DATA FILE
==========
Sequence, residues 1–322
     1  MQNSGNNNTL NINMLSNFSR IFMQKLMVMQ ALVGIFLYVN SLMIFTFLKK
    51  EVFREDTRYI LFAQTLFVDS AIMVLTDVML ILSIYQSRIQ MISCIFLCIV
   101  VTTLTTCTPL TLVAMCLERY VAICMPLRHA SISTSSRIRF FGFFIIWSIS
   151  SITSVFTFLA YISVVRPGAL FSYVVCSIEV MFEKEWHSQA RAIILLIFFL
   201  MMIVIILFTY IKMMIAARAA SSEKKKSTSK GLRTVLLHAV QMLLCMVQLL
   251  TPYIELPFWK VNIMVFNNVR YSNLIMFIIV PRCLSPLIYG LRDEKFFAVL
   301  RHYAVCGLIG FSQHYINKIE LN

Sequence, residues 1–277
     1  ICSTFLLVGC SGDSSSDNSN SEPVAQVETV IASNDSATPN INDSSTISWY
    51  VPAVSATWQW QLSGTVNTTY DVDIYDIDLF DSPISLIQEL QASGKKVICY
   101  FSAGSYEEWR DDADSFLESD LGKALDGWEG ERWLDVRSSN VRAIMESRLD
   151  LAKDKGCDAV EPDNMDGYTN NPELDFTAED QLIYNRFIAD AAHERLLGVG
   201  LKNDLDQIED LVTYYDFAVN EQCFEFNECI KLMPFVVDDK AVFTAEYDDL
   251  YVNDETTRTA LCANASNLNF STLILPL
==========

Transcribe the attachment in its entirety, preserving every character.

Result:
Sequence, residues 1–322
     1  MQNSGNNNTL NINMLSNFSR IFMQKLMVMQ ALVGIFLYVN SLMIFTFLKK
    51  EVFREDTRYI LFAQTLFVDS AIMVLTDVML ILSIYQSRIQ MISCIFLCIV
   101  VTTLTTCTPL TLVAMCLERY VAICMPLRHA SISTSSRIRF FGFFIIWSIS
   151  SITSVFTFLA YISVVRPGAL FSYVVCSIEV MFEKEWHSQA RAIILLIFFL
   201  MMIVIILFTY IKMMIAARAA SSEKKKSTSK GLRTVLLHAV QMLLCMVQLL
   251  TPYIELPFWK VNIMVFNNVR YSNLIMFIIV PRCLSPLIYG LRDEKFFAVL
   301  RHYAVCGLIG FSQHYINKIE LN

Sequence, residues 1–277
     1  ICSTFLLVGC SGDSSSDNSN SEPVAQVETV IASNDSATPN INDSSTISWY
    51  VPAVSATWQW QLSGTVNTTY DVDIYDIDLF DSPISLIQEL QASGKKVICY
   101  FSAGSYEEWR DDADSFLESD LGKALDGWEG ERWLDVRSSN VRAIMESRLD
   151  LAKDKGCDAV EPDNMDGYTN NPELDFTAED QLIYNRFIAD AAHERLLGVG
   201  LKNDLDQIED LVTYYDFAVN EQCFEFNECI KLMPFVVDDK AVFTAEYDDL
   251  YVNDETTRTA LCANASNLNF STLILPL